Through using container gardening ideas in urban parking areas gain privacy and elegance with hedges, and often concrete planters are the only way to achieve this.
Parks and public gardens benefit from using hedges in planters as well, particularly in urban areas where peace and privacy are desired, but the soil is poor or simply not available. Even in areas with plenty of room to plant in the ground, using concrete planters helps prevent sidewalk corruption and is a powerful design element. Layering different types of hedges with each other or with taller trees creates a beautiful effect.

We know that having more plants in urban environments helps counteract air, noise, and heat pollution, as well as improving aspects of human mental and physical health that are not even connected with pollution levels. We can all agree that the more plants we can have in urban areas, the better it is and because of container gardening ideas, plants can grow anywhere even rooftops and balconies are important for the environment as well as human well-being.

CONTAINER GARDENS GALLERY

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A shared courtyard at this townhouse is bordered elegantly with boxwood (Buxus) as well as yew (Taxus) hedges.

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Soft evergreen hedges like this boxwood (Buxus) make a stone patio softer and more inviting even when planted in modern, geometric shapes.

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Boxwood (Buxus) hedges used along with brick creates a splendid contrast between texture and color that is quite complementary.

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European beech (Fagus sylvatica) is used to make this narrow city lot seem more secluded.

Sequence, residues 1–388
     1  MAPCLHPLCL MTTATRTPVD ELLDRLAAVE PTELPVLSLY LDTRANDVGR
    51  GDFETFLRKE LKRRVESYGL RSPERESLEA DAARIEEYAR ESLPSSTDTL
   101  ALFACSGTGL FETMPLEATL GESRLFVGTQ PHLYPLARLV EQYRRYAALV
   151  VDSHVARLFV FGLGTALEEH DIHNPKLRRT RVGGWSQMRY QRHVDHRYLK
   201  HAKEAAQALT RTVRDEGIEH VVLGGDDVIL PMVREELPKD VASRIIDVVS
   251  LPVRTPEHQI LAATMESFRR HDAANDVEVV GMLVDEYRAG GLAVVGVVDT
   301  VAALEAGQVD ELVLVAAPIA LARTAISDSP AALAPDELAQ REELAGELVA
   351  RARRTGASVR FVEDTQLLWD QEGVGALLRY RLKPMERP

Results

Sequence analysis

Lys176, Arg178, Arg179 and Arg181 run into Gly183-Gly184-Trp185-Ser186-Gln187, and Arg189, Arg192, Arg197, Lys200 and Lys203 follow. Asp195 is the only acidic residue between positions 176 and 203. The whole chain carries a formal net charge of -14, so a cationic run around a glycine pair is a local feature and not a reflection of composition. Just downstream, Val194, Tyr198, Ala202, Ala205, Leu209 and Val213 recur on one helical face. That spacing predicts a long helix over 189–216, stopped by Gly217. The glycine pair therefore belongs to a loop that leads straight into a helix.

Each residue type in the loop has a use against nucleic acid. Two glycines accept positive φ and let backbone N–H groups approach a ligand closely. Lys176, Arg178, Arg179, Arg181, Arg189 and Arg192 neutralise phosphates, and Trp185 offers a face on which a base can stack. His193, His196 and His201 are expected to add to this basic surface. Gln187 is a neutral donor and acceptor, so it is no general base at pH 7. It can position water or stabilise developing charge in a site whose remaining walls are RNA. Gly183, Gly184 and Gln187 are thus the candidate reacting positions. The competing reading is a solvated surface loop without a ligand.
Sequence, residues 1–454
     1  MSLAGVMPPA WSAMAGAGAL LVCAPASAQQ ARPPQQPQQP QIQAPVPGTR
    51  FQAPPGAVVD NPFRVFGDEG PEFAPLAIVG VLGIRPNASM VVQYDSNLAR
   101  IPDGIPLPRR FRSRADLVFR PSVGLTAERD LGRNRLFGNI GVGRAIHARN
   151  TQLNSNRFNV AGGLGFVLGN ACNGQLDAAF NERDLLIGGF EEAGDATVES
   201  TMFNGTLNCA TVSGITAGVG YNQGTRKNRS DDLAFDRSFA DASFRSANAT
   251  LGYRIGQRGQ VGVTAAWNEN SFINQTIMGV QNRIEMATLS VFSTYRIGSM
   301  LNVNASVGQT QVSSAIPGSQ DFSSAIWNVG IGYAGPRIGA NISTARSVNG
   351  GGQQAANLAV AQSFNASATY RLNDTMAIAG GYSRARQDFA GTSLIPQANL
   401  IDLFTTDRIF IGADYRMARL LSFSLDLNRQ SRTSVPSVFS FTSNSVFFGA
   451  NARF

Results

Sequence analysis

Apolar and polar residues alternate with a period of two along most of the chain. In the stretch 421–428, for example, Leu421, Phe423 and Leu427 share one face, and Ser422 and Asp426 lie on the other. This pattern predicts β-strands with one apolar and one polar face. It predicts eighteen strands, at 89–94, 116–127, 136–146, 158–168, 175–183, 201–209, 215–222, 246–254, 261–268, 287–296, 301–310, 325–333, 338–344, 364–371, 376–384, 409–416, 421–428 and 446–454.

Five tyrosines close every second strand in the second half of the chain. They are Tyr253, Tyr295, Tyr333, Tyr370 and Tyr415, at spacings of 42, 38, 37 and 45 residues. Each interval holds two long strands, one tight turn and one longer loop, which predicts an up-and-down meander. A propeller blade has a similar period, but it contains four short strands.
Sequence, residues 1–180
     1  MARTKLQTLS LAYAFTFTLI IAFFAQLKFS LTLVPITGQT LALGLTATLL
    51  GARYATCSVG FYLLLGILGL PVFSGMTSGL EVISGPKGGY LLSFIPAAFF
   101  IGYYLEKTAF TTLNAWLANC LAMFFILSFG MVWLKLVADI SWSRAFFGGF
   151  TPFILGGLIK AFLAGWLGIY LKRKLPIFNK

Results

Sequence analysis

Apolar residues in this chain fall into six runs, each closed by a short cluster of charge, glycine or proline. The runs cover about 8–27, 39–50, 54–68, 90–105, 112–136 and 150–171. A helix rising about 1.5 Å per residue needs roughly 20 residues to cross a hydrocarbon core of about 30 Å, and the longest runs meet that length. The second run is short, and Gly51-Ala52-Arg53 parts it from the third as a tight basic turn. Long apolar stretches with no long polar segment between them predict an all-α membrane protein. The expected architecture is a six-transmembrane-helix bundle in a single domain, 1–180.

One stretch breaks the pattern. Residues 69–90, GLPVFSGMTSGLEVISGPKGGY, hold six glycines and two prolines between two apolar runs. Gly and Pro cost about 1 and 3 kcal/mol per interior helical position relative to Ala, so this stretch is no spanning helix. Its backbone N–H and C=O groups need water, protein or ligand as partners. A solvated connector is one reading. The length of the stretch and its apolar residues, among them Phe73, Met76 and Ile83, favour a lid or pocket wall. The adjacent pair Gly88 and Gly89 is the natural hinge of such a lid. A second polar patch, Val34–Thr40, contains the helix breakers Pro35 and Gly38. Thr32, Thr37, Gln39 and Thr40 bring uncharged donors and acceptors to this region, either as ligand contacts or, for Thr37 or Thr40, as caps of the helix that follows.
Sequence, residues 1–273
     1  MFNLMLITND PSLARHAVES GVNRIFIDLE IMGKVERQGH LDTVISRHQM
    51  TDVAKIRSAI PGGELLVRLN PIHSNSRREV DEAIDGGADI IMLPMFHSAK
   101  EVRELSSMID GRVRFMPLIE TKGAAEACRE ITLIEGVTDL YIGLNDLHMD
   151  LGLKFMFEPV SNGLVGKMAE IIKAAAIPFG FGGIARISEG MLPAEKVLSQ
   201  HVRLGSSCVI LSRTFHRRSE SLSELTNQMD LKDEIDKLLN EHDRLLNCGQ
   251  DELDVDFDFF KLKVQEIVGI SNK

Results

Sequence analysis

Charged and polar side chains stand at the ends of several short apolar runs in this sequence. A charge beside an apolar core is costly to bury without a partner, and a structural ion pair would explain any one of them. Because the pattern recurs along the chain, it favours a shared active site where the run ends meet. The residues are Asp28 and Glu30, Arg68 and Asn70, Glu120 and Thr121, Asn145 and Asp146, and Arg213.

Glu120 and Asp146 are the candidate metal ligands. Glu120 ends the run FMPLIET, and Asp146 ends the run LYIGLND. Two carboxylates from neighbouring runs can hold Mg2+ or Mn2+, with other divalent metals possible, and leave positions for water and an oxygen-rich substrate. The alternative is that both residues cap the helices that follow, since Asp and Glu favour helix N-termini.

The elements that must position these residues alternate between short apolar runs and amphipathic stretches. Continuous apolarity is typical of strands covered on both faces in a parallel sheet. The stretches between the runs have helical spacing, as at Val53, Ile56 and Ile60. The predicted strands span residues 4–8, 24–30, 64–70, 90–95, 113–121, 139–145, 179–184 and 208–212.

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Beech hedges can easily be grown in planters anywhere, including patios, balconies, and green roofs.

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This formal courtyard looks tidy with a perfectly uniform boxwood (Buxus) InstantHedge border and coniferous arborvitae (Thuja) privacy hedge.

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Urban businesses gain instant curb-appeal with a tidy, uniform boxwood hedge encircling their building.

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With their dark green color and feathery texture, Hicks Yew hedges make excellent low borders that complement other plants and stone.

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This outdoor room looks stunning with a European beech (Fagus sylvatica) hedge.

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Nicely-maintained boxwood (Buxus) hedges can help to define angles and boundaries in a contemporary design such as this.

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fagus beech hedge low border cover foundation commercial urban suburban driveway path

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Even urban dwellings have have a private patio for summer gatherings when surrounded by a tall beech hedge.

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Dress up a simple bike rack by adding a green beech hedge behind it.